Regina actress tackles difficult role about domestic violence
- Adeoluwa Atayero | November 24, 2022
Sera-Lys McArthur’s latest acting endeavour in Broken Angel is drawing crowds to the theatre.
Five days after it premiered in Toronto, it played in Regina at the Southland Cineplex Cinemas and both times the show sold out.
McArthur, of Cree and German ancestry, is from the Pheasant Rump Nakoda Nation in Treaty 4 Territory, but was raised in Regina.
She was a child model who began acting by the time she was 11.
“I got an audition because there was a role for a young Métis girl in a CBC period mini-series drama,” she said.
The audition helped McArthur land her very first mini-series role and, thanks to the workshops she took to prepare for it, launch her into the world of acting professionally.
She was able to take more classes, learn more, and increase her skill level as an actress.
McArthur has come a long way from her days taking art classes.
In her newest role, she plays Angel, a Cree woman, who experiences domestic violence. McArthur flees after a violent episode where her 13-year-old daughter Tanis is injured in an altercation between Angel and her abusive husband Earl.
She admits it was a challenging role for a couple reasons.
“I felt very creatively inspired and challenged by the role because there are so many different levels a person has to explore when you’re the lead character,” said McArthur. “You have to evolve as the character until you make the decision that’s gonna propel the action of the movie.”
McArthur said it was important for the director, writer and producer, Jules Koostachin, to show the push and pull a person experiences when making a huge life decision. She explained that often decisions to leave or stay in an abusive relationship are not always black and white.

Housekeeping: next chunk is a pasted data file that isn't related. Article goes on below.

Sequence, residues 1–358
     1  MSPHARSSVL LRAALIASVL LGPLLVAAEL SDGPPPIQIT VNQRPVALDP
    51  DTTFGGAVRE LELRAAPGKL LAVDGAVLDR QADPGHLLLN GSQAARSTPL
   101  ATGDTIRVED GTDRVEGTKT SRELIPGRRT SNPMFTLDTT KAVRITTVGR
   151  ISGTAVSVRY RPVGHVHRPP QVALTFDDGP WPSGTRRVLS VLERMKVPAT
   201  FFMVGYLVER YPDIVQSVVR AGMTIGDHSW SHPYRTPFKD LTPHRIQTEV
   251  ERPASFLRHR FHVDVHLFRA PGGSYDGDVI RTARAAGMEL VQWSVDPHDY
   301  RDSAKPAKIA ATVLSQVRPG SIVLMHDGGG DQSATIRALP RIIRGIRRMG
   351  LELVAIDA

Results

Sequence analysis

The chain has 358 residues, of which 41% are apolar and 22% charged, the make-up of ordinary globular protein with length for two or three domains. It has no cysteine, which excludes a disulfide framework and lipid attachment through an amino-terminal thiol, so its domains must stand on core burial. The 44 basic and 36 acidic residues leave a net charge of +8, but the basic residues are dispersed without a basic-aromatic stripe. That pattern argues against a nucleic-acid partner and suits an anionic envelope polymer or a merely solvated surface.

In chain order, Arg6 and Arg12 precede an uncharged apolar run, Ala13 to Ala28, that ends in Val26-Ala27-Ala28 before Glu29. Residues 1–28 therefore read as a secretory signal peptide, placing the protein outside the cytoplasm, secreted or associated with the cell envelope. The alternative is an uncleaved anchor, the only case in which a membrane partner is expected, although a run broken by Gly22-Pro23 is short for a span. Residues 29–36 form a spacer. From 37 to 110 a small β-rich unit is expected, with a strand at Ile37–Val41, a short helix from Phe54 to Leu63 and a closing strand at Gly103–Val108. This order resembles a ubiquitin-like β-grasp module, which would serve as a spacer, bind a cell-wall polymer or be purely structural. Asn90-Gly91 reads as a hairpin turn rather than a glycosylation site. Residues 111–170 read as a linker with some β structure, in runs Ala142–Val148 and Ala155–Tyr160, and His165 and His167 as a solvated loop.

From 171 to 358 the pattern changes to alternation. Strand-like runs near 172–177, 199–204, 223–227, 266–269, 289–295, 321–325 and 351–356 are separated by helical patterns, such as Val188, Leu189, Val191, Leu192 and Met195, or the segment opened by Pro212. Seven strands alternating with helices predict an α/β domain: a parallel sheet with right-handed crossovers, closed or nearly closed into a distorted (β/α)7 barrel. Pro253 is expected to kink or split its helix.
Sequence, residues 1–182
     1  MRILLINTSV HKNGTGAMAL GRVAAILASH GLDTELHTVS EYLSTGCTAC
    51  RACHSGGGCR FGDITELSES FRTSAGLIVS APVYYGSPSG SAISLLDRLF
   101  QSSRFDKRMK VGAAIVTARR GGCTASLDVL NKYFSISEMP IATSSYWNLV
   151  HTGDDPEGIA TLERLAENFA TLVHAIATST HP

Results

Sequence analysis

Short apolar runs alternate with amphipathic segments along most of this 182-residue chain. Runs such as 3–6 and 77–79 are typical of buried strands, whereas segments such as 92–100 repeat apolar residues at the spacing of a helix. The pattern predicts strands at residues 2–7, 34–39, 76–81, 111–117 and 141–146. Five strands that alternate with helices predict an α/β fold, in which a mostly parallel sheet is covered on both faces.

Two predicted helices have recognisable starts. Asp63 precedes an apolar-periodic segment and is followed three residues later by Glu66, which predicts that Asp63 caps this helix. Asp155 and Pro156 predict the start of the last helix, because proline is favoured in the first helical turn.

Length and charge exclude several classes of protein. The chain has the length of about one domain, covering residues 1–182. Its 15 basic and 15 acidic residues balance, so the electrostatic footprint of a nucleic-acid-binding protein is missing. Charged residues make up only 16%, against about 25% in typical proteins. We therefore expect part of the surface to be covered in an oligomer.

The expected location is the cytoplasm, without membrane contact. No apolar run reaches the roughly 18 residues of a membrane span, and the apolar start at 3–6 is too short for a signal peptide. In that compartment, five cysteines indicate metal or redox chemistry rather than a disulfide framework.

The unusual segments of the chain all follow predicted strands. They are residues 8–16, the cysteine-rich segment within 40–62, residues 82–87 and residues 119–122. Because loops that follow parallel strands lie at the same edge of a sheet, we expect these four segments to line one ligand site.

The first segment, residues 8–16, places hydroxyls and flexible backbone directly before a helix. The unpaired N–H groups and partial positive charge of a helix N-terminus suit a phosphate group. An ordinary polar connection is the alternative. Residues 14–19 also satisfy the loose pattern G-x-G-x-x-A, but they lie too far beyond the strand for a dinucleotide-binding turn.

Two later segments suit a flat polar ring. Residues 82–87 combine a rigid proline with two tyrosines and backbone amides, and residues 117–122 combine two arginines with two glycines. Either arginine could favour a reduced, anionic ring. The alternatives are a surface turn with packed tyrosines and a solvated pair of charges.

According to McArthur, Koostachin worked in a shelter and formed relationships with the women in the shelter and wanted to tell a story about domestic violence.
To prepare for the role, McArthur collaborated with her acting coach, Miriam Laurence, to bring in different elements to help McArthur explore the different levels of struggle within her character. She is proud of her work in the movie, but even more proud of the reception of the film.
“We had a screening for the film and it was sold out because people in the community were so eager to come out and support us,” said McArthur. “I’m grateful they want to see my work but it is also so exciting to see a lot of Indigenuous characters in a modern film and story on the big screen in lead roles, not side characters.”
She said even though the movie is dramatic and intense, it is also filled with lots of hope.
“I definitely have my own personal issues to draw from, but I also know several people who have been in a domestically violent situation that they’ve had to escape,” said McArthur. “I think it’s important to show real stories like that.”
The film was made in 12 short days.
McArthur credits her history of doing low-budget films and Canadian television shows for helping her prepare for the gruelling schedule.
“I definitely knew what I was doing, but it was a harder challenge than I’ve ever had to face before with the timing,” she said.
The shooting wrapped up in November of last year in Maple Ridge, British Columbia. Koostachin and everyone who worked on the film were to have it on the big screen in less than 12 months.
Some of McArthur’s favourite moments on set include various times when the script would allow for some improvisation.
“My actual favourite day was the day we shot the driving sequence, the day that Angel and her daughter escape,” she said. “The range of emotions that was shot in a short amount of time was fun. I had so much fun on set that day.”